He is Scotland's most expensive MP. David Gordon Mundell, who cost the Conservatives a cool £1.3m to get elected in 2010, points out a milestone in 2015.

"By the time we get to next year, I will have done it for 10 years," says the urbane MP for Dumfriesshire, Clydesdale and Tweeddale nicknamed Fluffy for his warm approachability. "I joke I have been 10 years in isolation and you have had to have done something pretty bad for that to happen."

But despite his solitary confinement, the former solicitor, who in the mid-1980s was a councillor for David Owen's SDP, seems upbeat, cheerful even. Indeed, he jokes further that there are certain advantages to being the leader of a parliamentary grouping of one.

"The Conservative Group for Scotland means we're always in agreement with ourselves. I'm not tossing and turning every night, saying will I agree with myself or not. The Scottish Conservative Group within the parliamentary party has an agreed position on everything."

And yet the 51-year-old would like some chums. At present, he has to make do with his Tory colleagues south of the border and then, of course, there is the group of 59, mainly Labour, Scottish MPs.

"We have a fairly collegiate approach; all Scottish MPs are interested in pursuing the best interests of Scotland. So we all get on pretty well behind the veneer. I don't feel - goodness, I'm sitting over here in the corner on my own."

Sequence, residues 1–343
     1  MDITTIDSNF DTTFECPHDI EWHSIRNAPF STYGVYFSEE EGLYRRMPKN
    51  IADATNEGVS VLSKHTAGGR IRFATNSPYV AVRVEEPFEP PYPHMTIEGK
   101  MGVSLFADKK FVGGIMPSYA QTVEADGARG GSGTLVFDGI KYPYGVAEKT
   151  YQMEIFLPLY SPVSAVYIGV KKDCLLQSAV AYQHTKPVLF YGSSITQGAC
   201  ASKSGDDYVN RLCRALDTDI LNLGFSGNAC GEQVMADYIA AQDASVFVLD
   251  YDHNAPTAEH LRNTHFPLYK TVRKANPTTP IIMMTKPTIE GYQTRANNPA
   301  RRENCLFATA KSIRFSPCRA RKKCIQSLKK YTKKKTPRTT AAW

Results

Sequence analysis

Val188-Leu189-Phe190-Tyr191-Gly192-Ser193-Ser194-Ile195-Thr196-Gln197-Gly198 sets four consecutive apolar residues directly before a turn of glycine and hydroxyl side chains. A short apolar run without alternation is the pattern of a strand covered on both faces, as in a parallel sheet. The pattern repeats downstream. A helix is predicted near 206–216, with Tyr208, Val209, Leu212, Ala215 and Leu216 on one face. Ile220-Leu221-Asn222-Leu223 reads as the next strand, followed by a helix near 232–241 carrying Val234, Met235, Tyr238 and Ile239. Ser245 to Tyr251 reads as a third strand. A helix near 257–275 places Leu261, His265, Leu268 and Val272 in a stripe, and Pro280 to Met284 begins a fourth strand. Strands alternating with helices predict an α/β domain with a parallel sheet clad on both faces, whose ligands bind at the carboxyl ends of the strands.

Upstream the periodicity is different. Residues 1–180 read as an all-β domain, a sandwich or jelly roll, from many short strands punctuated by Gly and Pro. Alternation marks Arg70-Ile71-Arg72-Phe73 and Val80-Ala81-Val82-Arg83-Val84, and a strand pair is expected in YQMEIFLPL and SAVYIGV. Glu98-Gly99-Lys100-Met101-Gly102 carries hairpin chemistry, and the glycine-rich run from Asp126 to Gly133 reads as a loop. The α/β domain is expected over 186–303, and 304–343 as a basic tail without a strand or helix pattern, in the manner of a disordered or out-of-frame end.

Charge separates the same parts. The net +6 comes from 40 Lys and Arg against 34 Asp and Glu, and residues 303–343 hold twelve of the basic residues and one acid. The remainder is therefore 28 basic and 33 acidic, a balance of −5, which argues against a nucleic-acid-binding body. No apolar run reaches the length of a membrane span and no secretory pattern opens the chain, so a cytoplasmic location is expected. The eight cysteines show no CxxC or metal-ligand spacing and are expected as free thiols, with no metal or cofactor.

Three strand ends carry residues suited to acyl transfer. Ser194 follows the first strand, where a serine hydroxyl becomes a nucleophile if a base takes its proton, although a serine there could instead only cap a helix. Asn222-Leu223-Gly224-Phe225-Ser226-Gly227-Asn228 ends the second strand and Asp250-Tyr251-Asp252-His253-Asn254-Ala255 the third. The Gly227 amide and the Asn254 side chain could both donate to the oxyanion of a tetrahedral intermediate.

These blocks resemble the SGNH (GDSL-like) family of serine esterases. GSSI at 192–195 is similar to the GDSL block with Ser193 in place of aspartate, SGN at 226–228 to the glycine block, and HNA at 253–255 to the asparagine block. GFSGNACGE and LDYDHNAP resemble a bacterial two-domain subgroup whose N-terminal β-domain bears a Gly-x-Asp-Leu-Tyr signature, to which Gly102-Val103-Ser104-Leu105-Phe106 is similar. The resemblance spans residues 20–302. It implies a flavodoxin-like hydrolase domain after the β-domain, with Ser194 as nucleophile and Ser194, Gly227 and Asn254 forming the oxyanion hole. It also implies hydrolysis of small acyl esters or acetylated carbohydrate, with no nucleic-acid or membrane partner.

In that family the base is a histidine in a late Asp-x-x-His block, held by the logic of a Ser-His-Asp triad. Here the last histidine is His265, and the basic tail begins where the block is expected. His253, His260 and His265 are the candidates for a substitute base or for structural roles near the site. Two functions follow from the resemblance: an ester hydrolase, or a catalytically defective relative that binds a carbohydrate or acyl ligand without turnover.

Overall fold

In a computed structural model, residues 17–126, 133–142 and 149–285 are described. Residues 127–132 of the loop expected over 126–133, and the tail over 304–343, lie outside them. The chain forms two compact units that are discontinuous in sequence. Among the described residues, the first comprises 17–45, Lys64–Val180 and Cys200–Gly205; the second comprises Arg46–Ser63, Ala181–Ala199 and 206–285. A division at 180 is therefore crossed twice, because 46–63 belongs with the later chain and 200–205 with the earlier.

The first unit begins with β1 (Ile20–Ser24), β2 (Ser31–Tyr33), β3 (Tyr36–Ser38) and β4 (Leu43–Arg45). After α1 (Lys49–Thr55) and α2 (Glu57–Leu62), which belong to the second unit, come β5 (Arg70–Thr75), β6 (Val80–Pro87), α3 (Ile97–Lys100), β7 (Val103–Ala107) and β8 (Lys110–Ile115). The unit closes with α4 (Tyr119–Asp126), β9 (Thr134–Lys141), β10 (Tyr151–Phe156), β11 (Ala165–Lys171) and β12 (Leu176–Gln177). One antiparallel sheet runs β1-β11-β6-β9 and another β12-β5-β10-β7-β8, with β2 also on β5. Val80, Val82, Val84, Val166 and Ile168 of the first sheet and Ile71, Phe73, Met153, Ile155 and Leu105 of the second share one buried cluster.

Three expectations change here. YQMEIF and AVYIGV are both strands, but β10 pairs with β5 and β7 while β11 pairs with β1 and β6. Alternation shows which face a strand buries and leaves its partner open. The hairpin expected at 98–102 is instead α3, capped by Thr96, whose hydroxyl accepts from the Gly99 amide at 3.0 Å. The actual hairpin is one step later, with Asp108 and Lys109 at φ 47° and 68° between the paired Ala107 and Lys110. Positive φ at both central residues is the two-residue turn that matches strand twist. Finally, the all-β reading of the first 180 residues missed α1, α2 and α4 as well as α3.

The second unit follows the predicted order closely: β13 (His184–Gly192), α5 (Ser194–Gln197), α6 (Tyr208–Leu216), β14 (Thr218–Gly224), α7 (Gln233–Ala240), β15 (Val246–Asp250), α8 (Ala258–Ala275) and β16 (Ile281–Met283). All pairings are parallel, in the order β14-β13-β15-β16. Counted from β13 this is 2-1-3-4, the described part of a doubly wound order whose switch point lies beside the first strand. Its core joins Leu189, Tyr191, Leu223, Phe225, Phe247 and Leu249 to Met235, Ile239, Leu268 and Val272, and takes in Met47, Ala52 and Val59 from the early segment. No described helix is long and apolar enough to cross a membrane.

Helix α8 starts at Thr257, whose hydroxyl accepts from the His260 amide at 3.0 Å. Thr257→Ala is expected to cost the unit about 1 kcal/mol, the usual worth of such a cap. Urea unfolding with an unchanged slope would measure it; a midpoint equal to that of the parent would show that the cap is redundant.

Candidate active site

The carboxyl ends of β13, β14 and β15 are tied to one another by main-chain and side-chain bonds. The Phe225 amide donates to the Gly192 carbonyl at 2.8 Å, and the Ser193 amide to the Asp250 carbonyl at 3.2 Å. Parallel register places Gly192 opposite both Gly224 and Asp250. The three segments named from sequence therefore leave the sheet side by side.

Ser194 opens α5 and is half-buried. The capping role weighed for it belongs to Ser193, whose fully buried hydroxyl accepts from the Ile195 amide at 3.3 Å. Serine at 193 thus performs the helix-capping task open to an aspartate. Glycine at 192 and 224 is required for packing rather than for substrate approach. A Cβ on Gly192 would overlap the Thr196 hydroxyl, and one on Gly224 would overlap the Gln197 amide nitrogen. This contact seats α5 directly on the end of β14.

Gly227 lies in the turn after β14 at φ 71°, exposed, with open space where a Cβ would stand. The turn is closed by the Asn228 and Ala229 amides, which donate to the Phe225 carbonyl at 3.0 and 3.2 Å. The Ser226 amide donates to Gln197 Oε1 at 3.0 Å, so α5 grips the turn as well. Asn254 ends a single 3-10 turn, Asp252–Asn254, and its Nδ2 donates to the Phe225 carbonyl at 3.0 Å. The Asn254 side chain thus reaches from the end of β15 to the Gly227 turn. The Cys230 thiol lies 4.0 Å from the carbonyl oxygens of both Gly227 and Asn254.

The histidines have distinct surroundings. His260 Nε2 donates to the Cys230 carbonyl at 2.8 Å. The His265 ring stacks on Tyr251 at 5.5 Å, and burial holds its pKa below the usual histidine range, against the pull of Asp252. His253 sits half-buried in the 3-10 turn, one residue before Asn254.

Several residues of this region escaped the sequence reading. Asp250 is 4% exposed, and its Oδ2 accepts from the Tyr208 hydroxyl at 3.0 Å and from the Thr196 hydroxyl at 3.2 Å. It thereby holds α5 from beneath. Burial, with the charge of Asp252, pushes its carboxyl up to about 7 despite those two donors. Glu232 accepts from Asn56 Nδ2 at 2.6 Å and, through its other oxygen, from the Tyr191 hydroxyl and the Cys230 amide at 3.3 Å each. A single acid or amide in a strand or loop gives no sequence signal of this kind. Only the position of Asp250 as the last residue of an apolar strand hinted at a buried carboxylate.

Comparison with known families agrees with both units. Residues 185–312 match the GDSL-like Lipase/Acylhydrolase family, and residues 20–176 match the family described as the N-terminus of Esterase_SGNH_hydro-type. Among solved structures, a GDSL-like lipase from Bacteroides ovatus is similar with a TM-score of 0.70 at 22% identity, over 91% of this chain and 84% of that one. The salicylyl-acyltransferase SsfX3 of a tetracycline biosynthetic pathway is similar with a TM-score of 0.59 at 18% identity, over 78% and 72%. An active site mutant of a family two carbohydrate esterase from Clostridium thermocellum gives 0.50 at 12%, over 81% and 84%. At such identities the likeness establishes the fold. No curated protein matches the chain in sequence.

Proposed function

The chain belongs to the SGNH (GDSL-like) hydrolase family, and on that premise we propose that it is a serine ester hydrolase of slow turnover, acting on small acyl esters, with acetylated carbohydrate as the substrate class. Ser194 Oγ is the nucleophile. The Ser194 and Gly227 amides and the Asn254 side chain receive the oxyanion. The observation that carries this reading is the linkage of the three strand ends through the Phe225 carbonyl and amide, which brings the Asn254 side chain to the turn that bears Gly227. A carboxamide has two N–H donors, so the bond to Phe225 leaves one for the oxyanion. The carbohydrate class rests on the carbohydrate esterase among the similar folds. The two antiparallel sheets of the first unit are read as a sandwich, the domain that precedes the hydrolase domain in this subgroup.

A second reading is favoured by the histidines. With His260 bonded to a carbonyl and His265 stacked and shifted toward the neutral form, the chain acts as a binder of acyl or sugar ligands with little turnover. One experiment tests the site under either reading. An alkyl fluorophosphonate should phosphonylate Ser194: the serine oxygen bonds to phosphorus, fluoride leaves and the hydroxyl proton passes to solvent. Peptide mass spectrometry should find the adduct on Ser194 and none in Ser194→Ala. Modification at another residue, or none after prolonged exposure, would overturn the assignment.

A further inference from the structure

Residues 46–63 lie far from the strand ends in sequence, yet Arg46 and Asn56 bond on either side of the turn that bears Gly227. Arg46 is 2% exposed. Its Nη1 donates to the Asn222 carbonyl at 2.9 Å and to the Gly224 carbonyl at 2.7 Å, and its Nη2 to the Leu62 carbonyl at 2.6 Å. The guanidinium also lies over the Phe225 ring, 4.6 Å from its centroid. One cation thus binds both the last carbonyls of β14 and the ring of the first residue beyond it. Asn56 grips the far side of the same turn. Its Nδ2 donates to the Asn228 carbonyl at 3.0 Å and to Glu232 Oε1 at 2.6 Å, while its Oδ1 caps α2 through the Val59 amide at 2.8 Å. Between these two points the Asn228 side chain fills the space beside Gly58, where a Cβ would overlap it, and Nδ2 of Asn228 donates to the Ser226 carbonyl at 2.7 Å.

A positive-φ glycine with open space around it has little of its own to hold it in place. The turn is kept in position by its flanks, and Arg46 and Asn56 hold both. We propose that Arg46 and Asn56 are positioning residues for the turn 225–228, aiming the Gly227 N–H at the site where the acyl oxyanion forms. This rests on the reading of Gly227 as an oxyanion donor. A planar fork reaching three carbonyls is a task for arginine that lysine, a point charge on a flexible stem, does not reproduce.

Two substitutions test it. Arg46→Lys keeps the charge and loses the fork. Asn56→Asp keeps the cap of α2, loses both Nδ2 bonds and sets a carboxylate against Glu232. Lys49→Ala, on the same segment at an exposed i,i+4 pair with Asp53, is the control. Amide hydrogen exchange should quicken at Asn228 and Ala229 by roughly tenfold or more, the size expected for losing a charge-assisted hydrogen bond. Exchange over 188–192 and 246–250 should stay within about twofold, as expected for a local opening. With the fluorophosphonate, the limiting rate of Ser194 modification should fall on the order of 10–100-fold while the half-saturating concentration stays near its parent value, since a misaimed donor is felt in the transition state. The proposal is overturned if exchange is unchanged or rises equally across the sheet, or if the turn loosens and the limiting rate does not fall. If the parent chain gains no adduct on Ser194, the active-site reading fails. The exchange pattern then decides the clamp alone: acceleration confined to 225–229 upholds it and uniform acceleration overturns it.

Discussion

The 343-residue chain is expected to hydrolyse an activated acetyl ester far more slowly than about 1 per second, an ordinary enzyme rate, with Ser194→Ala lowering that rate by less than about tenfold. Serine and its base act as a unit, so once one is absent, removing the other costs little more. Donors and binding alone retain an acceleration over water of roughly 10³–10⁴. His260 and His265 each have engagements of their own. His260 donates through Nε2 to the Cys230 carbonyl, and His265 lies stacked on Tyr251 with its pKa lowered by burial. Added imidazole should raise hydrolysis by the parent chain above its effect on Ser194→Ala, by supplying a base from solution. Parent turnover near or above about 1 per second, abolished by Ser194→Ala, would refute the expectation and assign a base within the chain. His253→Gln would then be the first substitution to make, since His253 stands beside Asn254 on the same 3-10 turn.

Yet he defends the Conservative corner rather well albeit in an unconventional way. "The practical situation is 420,000 people voted for me to be elected; our Lib Dem friends got 460,000 and they got 11 MPs."

That sounds like an endorsement for proportional representation, the Tories' electoral friend in Scotland.

"I'm not advocating proportional representation," insists Mr Mundell, who more than doubled his majority four years ago to 4194.

"But one of the things we don't push enough back on is that I don't represent one 59th of the Scottish population in terms of the vote, I represent one in six voters.

"Yes, we have been in a difficult and challenging position and the Nats try to say that we don't have Tories in Scotland; well, yes we do. One in six people in the UK General Election voted Tory with just slightly less in the Scottish parliamentary election when I got 15 colleagues. Conservatives are involved in running a number of councils and are the biggest party in two or three councils. So there is not not a Tory Party in Scotland."

Yet why is so much of Scotland anti-Conservative? "I don't believe it is a Scottish thing as sometimes portrayed. A lot of the dynamics are at play in northern cities and some areas in London. There are specifics in Scotland and there were periods where we did not manage the brand very well. We upset lots of people who should be natural supporters."

So if there is a secret band of Conservative groupies in Scotland, why don't they vote Conservative?

Mr Mundell refers to polling by Tory benefactor Michael Ashcroft which, he says, shows it has nothing to do with the late Margaret Thatcher or the legacies of the past but that potential Conservative supporters simply see a Tory vote as a wasted vote.